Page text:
Attention all grammarians, armchair shrinks, and nitpickers. This was the last sentence in an article by Helene Cooper in today's New York Times:
“As the wealthiest nation on earth, I believe the U.S. has a moral obligation to lead the fight against hunger and nutrition and to partner with others,” Mr. Obama said Friday morning in remarks in Washington.
a) The professorial prez has used a dangling modifier. President Obama inadvertently refers to himself as the wealthiest nation on earth. He should have said: "As the wealthiest nation on earth, the U.S. has a moral obligation...." I,yi yi, yi yi! (I just never got over my eighth grade sentence-diagramming days in Catholic school.)
b) He said we have a moral obligation to lead the fight against hunger and nutrition. Does this guy like to always have it both ways, or what? If I were a Freudian, I would call this a slip. Our president satiates our hunger with his populist speeches, yet fails to follow through on actual policies that would nourish the body politic. He calls Jamie Dimon the greatest banker of all time at the same time he says we need to rein Jamie Dimon in. He brags about the Volcker Rule now, even though his team of banker enablers has been working to delay it until 2014 or later.
We are all, of course, keeping a close watch on the happenings in the Chicago Police State, where the paramilitary thugs have already pre-emptively arrested some demonstrators in front of Obama's campaign HQ and elsewhere, and even charged a group of OWS protesters with being terrorist threats. I think that after this week, the meaning of NATO might be changed to "New Austerians Tase (Terrorize? Torture? Threaten>) Occupy". Most of the international bellicose bubbleheads gathering for the power elite confab are calling for the hoi polloi to share the sacrifice. But somehow, money is never an object when it comes to perpetuating the military-industrial complex. Except for Francois Hollande, who is still too much of a newbie to have been co-opted, the NATO apparatchiks and their guests are there to celebrate the hegemony.
Meanwhile, the judge who just declared the indefinite detention clause of the NDAA unconstitutional wisely listened to Chris Hedges and his co-plaintiffs, who'd asserted the intentionally vague law was having a chilling effect on their writing and their activism. Would merely having a conversation with someone the administration arbitrarily calls a terrorist make the interviewer also a terrorist in the government's eyes, and thus subject to detention without trial? Since the government left that question dangling by refusing even to answer, the judge ruled in favor of the plaintiffs. That, of course, did not prevent the House from voting for indefinite detention yesterday. And not only that, the phony deficit hawks also proved their austerity rhetoric a sham once again by approving expenditures for useless military hardware and the construction of a massive East Coast anti-missile system. This, from GOP pod-people like Eric Cantor and John Boehner, who keep insisting the debt is destroying the country.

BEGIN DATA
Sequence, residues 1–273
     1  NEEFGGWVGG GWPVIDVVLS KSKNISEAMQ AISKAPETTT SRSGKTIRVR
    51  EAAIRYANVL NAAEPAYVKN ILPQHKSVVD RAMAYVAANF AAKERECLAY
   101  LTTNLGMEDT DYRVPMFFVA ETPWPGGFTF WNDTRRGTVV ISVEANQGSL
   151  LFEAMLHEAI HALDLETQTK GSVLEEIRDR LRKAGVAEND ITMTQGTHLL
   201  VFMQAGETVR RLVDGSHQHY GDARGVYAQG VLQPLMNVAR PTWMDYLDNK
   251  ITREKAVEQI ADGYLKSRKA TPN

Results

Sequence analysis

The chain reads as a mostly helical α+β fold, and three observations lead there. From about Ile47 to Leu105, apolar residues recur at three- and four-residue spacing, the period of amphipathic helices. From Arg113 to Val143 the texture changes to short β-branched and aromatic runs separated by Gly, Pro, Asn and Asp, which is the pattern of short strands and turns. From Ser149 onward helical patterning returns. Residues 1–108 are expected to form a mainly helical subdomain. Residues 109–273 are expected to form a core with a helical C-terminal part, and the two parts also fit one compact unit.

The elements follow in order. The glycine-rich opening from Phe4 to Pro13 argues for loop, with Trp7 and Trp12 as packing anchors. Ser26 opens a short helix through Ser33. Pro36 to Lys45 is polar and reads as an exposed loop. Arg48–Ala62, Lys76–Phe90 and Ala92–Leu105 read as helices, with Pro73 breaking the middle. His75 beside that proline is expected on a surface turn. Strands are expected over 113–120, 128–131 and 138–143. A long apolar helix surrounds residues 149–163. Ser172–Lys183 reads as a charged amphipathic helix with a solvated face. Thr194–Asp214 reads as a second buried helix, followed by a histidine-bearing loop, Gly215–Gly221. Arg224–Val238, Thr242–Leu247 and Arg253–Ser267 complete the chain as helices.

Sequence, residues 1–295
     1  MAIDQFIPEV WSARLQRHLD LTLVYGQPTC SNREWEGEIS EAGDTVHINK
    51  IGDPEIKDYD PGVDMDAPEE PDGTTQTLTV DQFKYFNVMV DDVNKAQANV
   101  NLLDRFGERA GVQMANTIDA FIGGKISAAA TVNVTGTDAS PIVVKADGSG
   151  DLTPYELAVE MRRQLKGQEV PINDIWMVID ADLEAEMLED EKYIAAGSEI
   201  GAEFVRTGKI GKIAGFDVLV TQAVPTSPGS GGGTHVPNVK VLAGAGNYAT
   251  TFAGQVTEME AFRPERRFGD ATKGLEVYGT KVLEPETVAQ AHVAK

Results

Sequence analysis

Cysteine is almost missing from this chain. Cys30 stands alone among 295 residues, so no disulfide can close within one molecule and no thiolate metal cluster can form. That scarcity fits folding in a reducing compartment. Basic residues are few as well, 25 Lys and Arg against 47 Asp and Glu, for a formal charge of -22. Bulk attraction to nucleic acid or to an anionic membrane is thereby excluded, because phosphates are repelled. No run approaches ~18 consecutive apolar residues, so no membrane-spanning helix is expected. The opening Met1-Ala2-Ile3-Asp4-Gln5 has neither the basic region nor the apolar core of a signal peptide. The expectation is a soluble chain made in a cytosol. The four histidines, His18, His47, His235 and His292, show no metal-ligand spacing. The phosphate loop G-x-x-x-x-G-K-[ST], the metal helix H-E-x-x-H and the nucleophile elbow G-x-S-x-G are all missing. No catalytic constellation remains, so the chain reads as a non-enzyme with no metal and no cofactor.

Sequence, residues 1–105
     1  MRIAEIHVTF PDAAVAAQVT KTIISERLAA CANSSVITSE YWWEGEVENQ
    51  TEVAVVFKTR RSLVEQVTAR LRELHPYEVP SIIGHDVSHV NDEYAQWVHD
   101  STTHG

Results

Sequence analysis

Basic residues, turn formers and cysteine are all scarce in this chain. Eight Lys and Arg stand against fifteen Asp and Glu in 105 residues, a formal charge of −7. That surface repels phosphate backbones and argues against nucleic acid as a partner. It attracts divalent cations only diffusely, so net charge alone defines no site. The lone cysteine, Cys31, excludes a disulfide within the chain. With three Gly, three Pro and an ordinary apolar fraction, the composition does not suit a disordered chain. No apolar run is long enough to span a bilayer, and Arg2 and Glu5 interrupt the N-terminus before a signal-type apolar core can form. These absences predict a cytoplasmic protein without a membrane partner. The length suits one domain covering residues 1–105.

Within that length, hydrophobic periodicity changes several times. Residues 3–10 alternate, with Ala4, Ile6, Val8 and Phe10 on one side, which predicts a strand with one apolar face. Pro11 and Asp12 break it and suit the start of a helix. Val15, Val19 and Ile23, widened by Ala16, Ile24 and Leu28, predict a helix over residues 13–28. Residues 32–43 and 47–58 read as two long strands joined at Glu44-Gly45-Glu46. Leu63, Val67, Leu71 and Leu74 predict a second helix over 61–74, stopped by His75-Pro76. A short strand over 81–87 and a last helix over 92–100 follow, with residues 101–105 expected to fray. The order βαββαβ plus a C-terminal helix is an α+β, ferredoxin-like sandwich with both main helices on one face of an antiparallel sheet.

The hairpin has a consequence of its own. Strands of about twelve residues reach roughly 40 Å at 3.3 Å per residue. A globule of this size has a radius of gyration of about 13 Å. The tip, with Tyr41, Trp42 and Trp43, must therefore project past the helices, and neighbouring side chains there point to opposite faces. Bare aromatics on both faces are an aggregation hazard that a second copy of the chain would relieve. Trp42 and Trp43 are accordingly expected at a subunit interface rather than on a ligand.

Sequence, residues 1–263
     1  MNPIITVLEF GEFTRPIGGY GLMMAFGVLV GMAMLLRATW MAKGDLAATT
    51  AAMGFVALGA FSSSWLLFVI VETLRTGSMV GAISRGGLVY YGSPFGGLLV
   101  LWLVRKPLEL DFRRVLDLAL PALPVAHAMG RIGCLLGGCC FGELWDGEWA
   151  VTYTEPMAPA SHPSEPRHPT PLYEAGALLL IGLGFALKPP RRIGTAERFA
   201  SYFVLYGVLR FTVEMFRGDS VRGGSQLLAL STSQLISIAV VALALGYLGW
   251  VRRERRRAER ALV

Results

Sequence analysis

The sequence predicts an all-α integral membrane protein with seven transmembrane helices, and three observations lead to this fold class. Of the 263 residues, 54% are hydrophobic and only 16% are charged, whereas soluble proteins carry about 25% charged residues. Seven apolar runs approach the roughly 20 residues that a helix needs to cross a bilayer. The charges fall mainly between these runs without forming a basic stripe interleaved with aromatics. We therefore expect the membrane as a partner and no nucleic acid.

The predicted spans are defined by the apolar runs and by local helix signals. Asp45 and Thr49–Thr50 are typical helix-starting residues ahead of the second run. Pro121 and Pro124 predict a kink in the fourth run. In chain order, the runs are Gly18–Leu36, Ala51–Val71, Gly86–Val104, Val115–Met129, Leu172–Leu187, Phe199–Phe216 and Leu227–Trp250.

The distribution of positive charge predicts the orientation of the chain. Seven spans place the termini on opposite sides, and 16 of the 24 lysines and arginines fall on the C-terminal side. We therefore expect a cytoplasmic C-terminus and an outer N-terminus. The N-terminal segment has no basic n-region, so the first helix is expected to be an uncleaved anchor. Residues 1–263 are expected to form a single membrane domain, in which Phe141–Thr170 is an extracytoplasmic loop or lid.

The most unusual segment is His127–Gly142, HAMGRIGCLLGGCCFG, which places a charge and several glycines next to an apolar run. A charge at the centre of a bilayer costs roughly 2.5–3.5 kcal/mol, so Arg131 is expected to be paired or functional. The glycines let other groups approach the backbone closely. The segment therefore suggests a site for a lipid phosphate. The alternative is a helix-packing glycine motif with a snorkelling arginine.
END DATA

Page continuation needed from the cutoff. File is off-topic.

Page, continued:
President Obama has threatened to veto the bill, not so much because of the money or the indefinite detention clause (which he is totally for, as the wealthiest nation on earth) -- but because of the clause banning same-sex marriages on military property. Far from being concerned about the death of due process and free speech and assembly, the White House worries that the anti-gay clause might be illegal:
And it might really get sticky if two gay Occupiers want to get married at West Point and have as their witnesses journalists who once interviewed suspected Yemeni militants. But as an obscure blogger, this scenario may probably never cross the president's mind. Like that clumsy sentence and the one at the top of this post, vague statutes are deliberately kind of left dangling, open to whatever interpretation any future leaders care to give them. In the meantime, Obama can indeed get away with claiming "L'état -- c'est moi."The defense budget would also prohibit same sex marriage ceremonies on any military installation. The White House described the provision as a “troublesome and potentially unconstitutional limitation.”